Ferguson Moriyama and Umbraco 5
Before I begin, a dedication - I wouldn't have got through this blog post unless I had the wonderful Matt Brailsford, Doug Robar and Sebastiaan Jansen as Skype contacts - these guys are MVP for a reason! #h5yr
Yesterday I started to build the new Ferguson Moriyama website in Umbraco 5, and as promised in my previous blog post I've documented the process.
I've started out by designing the document types for the new Ferguson Moriyama site as I usually would. As people maybe following this as a tutorial I've done a better job of documenting these than I usually would for a normal internal project.
The document types are deliberately as minimal as possible my current site suffers from bloat where I put in fields for edge cases that never emerged - things like alternative titles to be used in place of node names and alternative dates to be used in place of the default publish date. This time I'll start with as little as possible and build up. I'm told that deletion of document type properties in Umbraco 5 is recoverable by rollback which is great in terms of being agile with your document types.
(You can click on the image above to view the Google document that I created)
As an aside I'll talk a little about my process. The document above is expected to change during the process of the build. I'm a firm believer in agility and in fact I believe it is almost impossible to specify exactly what you want before you start building. As I already mentioned, on a typical project I wouldn't maintain such a document. I see Umbraco document types as "self documenting" and for clients who demand formal specifications I'd normally just generate the documentation from the real Umbraco document types. Interestingly (possibly) this is how PDF creator for Umbraco came into being.
The document above contains a few areas which are TBD (to be determined) but I deliberately make assumptions based on Umbraco 4 knowing that I can return later as my knowledge of version 5 increases.
Creating the document types
So I head off to the settings section of Umbraco 5 armed with my document type specs and everything looks reassuringly familiar.
I hesitate slightly creating a document type called Master because it sounds a little too generic and has some connotations of .net master pages but I let it slide. As an aside I'd normally put a site specific prefix in front of my document types but in this case I'm confident that this instance of Umbraco will only ever host the Ferguson Moriyama site.
The first new feature that I notice is stricter control over document type inheritance; I like that by checking Inheritable Only on the Composition tab that I can say that this document type cannot be directly created as an instance of a node. Being a pedant I'm also pleased to see the Generic Properties tab is now called General Properties :)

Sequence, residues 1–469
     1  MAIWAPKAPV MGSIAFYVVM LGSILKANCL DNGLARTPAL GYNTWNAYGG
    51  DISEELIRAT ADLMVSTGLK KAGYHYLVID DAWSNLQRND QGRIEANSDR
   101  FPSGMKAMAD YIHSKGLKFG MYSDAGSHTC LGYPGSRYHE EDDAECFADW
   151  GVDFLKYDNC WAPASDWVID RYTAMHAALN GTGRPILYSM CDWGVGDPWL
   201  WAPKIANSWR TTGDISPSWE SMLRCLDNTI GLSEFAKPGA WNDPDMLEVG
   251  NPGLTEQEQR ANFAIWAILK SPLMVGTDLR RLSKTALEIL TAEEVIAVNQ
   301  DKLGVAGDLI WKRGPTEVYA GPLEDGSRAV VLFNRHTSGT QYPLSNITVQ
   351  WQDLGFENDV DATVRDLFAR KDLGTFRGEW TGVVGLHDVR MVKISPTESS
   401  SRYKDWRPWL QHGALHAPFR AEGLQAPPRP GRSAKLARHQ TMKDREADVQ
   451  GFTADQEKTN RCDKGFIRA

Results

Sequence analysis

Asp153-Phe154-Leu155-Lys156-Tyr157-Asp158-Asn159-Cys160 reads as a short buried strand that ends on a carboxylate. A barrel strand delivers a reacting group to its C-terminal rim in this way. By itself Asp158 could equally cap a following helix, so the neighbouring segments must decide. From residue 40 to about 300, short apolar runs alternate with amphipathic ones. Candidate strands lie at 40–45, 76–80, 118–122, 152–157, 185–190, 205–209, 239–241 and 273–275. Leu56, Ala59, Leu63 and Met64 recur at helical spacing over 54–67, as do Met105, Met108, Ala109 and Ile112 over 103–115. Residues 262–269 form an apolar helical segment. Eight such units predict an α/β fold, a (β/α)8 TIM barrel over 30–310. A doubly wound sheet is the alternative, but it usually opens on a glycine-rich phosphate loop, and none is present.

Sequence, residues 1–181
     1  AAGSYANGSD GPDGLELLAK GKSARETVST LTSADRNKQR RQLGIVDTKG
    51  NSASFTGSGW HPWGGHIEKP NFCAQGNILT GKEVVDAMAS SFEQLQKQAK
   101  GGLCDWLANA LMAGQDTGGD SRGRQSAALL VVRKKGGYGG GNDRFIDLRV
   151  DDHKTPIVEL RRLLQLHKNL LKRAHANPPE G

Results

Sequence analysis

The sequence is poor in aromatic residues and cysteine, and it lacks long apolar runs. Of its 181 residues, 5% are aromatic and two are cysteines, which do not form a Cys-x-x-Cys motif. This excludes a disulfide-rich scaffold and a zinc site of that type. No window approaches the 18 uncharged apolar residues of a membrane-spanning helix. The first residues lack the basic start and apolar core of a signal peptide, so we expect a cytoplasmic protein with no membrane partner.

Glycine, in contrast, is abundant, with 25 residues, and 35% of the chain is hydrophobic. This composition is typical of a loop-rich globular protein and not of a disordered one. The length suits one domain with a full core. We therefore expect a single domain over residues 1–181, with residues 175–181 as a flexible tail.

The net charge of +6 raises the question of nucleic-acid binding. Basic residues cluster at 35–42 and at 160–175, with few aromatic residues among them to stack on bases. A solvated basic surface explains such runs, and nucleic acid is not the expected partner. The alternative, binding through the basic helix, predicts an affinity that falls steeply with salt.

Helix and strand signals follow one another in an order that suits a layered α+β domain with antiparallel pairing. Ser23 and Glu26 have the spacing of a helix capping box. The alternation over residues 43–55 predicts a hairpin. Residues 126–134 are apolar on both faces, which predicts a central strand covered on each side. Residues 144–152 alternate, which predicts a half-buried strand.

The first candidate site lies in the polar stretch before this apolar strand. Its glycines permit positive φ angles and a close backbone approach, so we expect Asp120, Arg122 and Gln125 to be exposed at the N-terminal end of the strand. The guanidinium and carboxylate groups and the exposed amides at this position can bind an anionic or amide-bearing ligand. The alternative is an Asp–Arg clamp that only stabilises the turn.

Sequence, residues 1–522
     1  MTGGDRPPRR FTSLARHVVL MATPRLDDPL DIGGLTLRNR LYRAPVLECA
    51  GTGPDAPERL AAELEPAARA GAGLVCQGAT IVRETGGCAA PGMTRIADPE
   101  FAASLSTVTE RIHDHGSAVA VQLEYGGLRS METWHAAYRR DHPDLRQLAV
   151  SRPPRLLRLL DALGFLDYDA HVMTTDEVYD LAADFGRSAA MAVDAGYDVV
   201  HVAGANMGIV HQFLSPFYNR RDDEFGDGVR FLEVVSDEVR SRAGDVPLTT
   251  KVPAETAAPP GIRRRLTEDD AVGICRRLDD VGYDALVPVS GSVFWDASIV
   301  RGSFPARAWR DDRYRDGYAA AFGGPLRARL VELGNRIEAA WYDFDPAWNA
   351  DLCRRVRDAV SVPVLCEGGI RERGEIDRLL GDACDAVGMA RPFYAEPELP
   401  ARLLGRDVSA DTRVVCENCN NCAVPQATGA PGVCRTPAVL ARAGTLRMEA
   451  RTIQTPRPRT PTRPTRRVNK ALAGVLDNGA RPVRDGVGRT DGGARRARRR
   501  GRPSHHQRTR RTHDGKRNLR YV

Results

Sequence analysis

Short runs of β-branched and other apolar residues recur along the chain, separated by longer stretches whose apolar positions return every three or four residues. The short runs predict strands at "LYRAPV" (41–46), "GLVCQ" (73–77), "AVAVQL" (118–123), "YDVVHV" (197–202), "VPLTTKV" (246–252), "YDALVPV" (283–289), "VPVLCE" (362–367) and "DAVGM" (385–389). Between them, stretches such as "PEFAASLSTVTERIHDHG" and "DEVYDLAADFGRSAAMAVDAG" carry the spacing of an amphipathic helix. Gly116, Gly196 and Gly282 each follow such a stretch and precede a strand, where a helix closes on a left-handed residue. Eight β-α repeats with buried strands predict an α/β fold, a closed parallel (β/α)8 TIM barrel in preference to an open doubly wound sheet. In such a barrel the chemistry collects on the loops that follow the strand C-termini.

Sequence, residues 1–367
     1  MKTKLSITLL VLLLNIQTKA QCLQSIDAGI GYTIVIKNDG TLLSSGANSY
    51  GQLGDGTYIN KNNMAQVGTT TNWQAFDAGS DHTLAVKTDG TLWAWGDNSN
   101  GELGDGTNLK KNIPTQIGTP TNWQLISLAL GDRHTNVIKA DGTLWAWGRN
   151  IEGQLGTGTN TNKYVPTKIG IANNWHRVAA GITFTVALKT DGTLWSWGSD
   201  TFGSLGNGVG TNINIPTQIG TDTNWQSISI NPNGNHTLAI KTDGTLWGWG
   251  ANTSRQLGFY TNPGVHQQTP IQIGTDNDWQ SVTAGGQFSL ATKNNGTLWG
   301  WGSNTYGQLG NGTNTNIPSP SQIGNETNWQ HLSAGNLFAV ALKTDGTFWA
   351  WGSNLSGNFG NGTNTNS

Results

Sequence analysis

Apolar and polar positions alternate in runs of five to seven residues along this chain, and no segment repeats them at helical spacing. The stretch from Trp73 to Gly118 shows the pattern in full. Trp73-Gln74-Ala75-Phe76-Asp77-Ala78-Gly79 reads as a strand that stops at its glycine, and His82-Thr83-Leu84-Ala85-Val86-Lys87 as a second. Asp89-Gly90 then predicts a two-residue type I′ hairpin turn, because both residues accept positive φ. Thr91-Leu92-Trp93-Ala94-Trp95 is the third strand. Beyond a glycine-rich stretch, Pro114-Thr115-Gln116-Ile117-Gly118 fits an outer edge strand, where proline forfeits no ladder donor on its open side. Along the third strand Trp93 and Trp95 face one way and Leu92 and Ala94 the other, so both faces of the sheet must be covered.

After 30 minutes or so of playing, Umbraco 5 looks to be in a satisfyingly familiar state. I hit one or two snags - the one that sticks in memory is that I couldn't add properties to inherited tabs but I am told that this is just a temporary glitch.
Create some nodes
Document type hierarchy all worked in a familiar way - I headed over to the Content section and created a Document of type Home with two child nodes of type Text Page.
Again, everything is looking pretty much as I'm used to.
Add some templates
For now I decided to just add a Home Page template and output a property or two, then I'll move on to versioning what I've built to date. No CSS or anything to make the pages look pretty yet, just some ugly markup.
Associating templates with document types is again a very familiar experience to those of you who are familiar with Umbraco 4 - the big difference comes when creating templates, which are no longer master pages but Razor views.
I spent a bit of time messing around here, and I understand that some of the objects exposed to the view by default are subject to change.
Umbraco 5 has a default template (or View) called _Layout.cshtml which is in ~/Views/Umbraco this is synonymous to a Master page in Umbraco 4 and will be familiar to those who have adopted ASP.net MVC prior to looking into Umbraco v5. I'm not sure if it is bad from to modify the default view but I do so.
At this stage I'm finding the terminology a little confusing, the Umbraco 5 UI still uses the terminology master and template -I guess to remain familiar to Umbraco 4 developers but there is a bit of internal conflict as my mind thinks about Views.
I end up with the following layout which does a few familiar things:
- Output document title
- Output a (recursive) document type property
- Render a child view
Back it up
So I've achieved a lot in a short space of time but before I go I want to make sure that my customisations to Umbraco 5 are versioned and separated in a way that I can roll them out to a new version of Umbraco or revert to a previous version should I break anything.
Or maybe not
I take a precursory glance over the database and the file system and it isn't easy to figure out how document types are stored. I find some information relating to my document types in a table called AttributeSchemaDefinition but the data model uses GUIDs as identifiers and there appear to be some quite complex relationships between the tables. It certainly isn't a 5 minute job to work out how it all hangs together.
My Umbraco HQ contacts aren't on Skype and I feel like I've harassed them enough for today so I decide to quit for the day.
For now I'll backup my SQL CE database - after all it is just a file - and I'll come back to this later when I have a bit more energy. I'm really hoping that moving document types between instances was a design consideration of Umbraco 5. Perhaps this is where Courier vNext will come into play?